Digging mines, building power plants and providing infrastructure cost billions. Many countries cannot afford the investments; credit agencies and multilateral and private banks are glad to step in. A chapter from the Coal Atlas.
For a foreign contractor, building a coal-fired power station in a developing country entails substantial financial risks – even for prominent firms like Bilfinger, Siemens, Alstom or ThyssenKrupp. Construction is expensive – a big power plant can easily cost over a billion euros – and requires huge investments up front. It can take years for a contractor to get paid. The client, who may be a government-owned or private power generator, may run into financial difficulties. Political crises may halt construction.
To cut the risks for the contractors and their banks, many governments have established export credit insurance. In addition, loans from development banks support the export of mining equipment and power plants. By hedging their risks and availing themselves of lower interest rates, the contractor can offer lower prices. But support for coal projects is a controversial aspect of development cooperation.
On the one hand, new coal-fired power plants are supposed to combat poverty and boost energy supplies in developing countries. On the other, burning fossil fuels alters the climate, pollutes the air and water, and hinders the development of renewable energy. In addition, coal mining is often accompanied by environmental destruction, violations of human rights and exploitative working conditions.
Developed countries support their exports generously. Between 2007 and 2014, more than $73 billion – or over $9 billion a year – in public finance was approved for coal. Nearly half (47 percent) of the total international finance for coal came through export credit agencies in countries that are members of the Organisation for Economic Co-operation and Development (OECD). Japan, an OECD member, led the pack, with $20 billion. China (nearly $15 billion) was followed by two more OECD members, South Korea (over $7 billion) and Germany ($6.8 billion).
The largest recipient countries of coal finance by export credit agencies from 2007 to 2014 are Vietnam (more than $4.5 billion), South Africa (almost $4.5 billion), India (more than $4 billion) and Australia with $4 billion in total. Nearly one-quarter of coal funding from OECD export credit agencies went to High Income Countries. In this period, the total greenhouse gas emissions related to international public finance for coal amounts to almost half a billion tonnes of CO2 per year, or, to put this number in context, the total annual emissions of Italy.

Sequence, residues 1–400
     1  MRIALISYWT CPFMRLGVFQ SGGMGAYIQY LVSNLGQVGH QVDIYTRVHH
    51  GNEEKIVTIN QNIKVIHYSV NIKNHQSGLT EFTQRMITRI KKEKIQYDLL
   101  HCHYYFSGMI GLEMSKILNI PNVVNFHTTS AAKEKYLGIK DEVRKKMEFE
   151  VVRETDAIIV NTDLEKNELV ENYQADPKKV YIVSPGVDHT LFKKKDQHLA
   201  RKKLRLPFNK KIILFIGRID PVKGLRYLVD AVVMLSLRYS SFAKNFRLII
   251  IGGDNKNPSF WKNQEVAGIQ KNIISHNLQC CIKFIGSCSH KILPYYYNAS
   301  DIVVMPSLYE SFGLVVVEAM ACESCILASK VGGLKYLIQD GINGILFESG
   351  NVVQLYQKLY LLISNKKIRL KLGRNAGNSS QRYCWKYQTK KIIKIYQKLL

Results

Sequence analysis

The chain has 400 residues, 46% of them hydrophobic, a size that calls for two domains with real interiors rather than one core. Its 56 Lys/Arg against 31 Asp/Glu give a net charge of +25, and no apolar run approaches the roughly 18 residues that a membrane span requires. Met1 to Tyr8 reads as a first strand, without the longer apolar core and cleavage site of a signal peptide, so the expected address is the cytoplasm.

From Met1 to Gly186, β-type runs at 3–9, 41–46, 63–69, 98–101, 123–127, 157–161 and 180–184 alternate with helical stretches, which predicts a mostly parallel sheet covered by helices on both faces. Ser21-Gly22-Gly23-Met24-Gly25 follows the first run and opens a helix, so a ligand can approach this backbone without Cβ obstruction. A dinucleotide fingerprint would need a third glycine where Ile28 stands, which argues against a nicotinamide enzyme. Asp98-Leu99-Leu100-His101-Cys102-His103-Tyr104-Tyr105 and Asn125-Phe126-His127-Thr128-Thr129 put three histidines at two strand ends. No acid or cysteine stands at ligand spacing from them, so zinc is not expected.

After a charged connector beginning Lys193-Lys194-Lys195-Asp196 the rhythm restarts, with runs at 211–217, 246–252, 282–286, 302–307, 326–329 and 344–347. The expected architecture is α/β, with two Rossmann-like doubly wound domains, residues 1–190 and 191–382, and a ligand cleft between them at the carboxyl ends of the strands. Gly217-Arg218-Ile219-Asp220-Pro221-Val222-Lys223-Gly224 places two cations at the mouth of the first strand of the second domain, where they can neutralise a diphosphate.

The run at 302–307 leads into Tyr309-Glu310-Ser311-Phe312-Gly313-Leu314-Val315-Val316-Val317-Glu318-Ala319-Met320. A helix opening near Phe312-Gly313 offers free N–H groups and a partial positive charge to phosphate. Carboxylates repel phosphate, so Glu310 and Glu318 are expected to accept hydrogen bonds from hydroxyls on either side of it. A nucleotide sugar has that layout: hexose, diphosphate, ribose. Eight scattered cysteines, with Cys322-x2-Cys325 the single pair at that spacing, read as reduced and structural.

Most of the money goes into building power plants. However, countries such as Russia, Canada and Italy use export credits mainly to finance the digging of new coal mines. Led by the United States and Japan, around $12.9 billion have been used for this purpose from 2007 to 2013. Even though export credits were initially intended to reduce business risks in uncertain markets, they have also recently been used to develop coal mines in politically stable countries such as the United States and Australia.
Multilateral development banks also play an important role alongside the national credit agencies. Between 2007 and 2013 they supported coal projects with subsidies worth $13.5 billion. The biggest donor was the World Bank, at $6.5 billion; the biggest regional donor was the African Development Bank, with $2.8 billion in support. About 90 percent of this money went to build new power plants; the rest went on mining and on modernising older plants.
Faced with persistent criticism, financial support for coal projects has declined sharply since 2010. Since 2013, three development banks – the World Bank, the European Bank for Reconstruction and Development and the European Investment Bank – have decided not to support any more coal projects, or to do so only in exceptional circumstances. Individual governments are also pulling back. Since 2013, the Export-Import Bank of the United States has discontinued support of coal-fired plants – with a few exceptions.
In Europe, France, the Netherlands, the United Kingdom and several Scandinavian countries have also announced they will do the same, though they are still discussing possible exceptions. Germany is struggling to phase out of supporting coal. KfW, a government-owned development bank, has ended its longstanding practice of subsidizing new coal-fired power stations. But its private sector subsidiary, IPEX, will continue to support coal projects if the recipient country has a climate-change policy.
Commercial banks, whose day-to-day operations are beyond government influence, play an even bigger role than the public sources of funding. Between 2005 and 2014, financing for coal projects added up to 500 billion dollars. Together, the 20 leading banks gave 73 percent of the loans.
The member states of the OECD have divergent views on tightening environmental and social standards that they should apply when offering export credits. The biggest issue is the financing of coal projects. The United States and some other countries demand that these types of credits for coal projects be stopped – more transparency is needed in this regard. Export credit agencies seldom make their business information available to the public. Critics demand that in future the agencies should announce promptly whom they are supporting, and in what way.